Welcome to Green Reflections, the blog dedicated to reflections on the readings from the Roman Catholic Sunday Lectionary, with particular sensitivity to the needs of the earth. Use this blog to deepen your own awareness of our Creator's desires for the planet and ways that we can appreciate God's goals for the earth,giving it the loving care that it deserves.

Sunday, January 16, 2011

January 16, 2011 – 2nd Sunday of Ordinary Time

Is 49:3, 5-6 1 Cor 1:1-3 Jn 1:29-34

Did you hear that? Were you listening? I know that it’s hard to believe but it’s the God’s honest truth! I’m speaking about the reading from the first letter to the Corinthians. These first three lines of the letter are just a salutation, but what a salutation. St. Paul said we “are called to be saints.” You and me—saints!

When God calls us to be something or do something, we need to be alert. God doesn’t speak in thunderclaps or earthquakes. Rather, the voice of God comes in a whisper that only the vigilant will hear. We read in today’s gospel passage that John the Baptist heard God’s call that John was to be the witness who testified that Jesus was the Lamb of God. In our selection from the prophet Isaiah, we read that the whole nation of Israel was called by God to be a light to the nations. For us to really understand our calling to be saints means that we also must be vigilant to hear the promptings of God’s Spirit calling and directing us. St. Paul gives us a head-start: he tells us that through our baptism each of us is called to be a saint, but how to be a saint and where to respond to God occurs in the daily unfolding of our lives.

Many people considered Mother Theresa to be a saint while she was alive. She gave up a comfortable life in order to serve the poorest of the poor in Calcutta, India. She walked the streets looking for the destitute and dying poor. She brought them to the convent where they could be cared for lovingly until death would take them. Few would doubt that her life of prayer and love of the poor were saintly. Mother Seton was a different kind of saint and lived in the early days of the American colonies. After being widowed, her local bishop asked her to start a religious order of women who taught children who could not afford ordinary schools. Having started teaching, she held the bishop’s feet to the fire when she needed money and other resources to run her schools. Elizabeth Ann Seton trusted Providence, but also helped God’s instrument see clearly his responsibility toward this project. When the bishop did not want to see Mother Seton, she sat outside his office until she could see him, refusing to take “no” for an answer. Some of the local clergy nick named her “Bitchy Betty” because of her insistence that the bishop aide her schools. And she was a saint, too. Saints come in a variety of temperaments and lived in all ages everywhere in our world.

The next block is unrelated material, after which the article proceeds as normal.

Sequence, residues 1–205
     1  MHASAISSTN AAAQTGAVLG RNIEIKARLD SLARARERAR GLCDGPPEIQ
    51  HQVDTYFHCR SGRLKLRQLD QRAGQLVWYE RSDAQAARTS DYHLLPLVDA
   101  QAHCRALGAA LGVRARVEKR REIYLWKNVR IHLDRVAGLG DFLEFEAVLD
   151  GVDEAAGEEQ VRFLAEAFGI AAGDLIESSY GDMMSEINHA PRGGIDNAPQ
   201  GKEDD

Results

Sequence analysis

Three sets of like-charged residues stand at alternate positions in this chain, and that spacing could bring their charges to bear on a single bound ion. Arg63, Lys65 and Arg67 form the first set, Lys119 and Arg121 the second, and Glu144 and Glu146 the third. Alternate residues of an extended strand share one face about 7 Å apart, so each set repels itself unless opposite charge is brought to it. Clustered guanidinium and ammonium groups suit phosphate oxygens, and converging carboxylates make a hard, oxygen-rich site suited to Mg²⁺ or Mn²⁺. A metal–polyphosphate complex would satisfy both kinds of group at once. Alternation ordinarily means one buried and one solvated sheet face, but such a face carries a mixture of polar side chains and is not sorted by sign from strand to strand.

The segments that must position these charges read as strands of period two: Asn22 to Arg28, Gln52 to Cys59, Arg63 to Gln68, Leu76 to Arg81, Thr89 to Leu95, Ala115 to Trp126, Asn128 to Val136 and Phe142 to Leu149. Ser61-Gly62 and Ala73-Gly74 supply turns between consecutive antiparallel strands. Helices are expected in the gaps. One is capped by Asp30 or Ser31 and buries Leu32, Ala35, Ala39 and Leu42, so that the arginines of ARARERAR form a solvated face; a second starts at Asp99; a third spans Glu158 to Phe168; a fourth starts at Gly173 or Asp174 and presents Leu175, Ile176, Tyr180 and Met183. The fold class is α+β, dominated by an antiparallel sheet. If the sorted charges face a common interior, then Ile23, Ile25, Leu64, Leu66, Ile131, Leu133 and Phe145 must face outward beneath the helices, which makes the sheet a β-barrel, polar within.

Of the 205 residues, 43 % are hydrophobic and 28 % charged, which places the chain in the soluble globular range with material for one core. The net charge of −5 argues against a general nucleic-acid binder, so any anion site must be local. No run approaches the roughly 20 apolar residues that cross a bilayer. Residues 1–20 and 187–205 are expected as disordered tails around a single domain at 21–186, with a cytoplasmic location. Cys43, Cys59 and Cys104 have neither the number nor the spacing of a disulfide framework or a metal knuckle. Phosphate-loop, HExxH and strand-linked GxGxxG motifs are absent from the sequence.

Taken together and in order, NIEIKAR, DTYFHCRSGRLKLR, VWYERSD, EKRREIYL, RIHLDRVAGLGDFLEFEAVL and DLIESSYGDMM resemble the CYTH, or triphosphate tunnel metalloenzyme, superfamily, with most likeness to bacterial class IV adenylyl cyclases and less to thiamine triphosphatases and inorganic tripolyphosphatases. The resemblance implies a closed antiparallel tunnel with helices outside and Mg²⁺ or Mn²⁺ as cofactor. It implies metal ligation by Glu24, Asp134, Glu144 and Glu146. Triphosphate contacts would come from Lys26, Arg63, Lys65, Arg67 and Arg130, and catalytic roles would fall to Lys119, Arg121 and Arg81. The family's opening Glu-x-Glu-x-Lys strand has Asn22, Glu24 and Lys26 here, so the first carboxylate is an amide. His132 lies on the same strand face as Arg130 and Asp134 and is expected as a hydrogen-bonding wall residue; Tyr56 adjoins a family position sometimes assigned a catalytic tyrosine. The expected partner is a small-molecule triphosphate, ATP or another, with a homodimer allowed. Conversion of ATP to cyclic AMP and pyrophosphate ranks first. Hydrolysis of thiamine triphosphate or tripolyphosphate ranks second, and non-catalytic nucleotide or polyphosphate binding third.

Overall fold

It could be very easy for us to object saying, “I’m no saint,” but it would be very wrong of us. Every baptized person is called by God to be a saint, someone who belongs to God and tries daily to find and do God’s will. Saints are not those who make no mistakes—hardly! But saints are committed to responding to God’s invitation to love at all times and everywhere.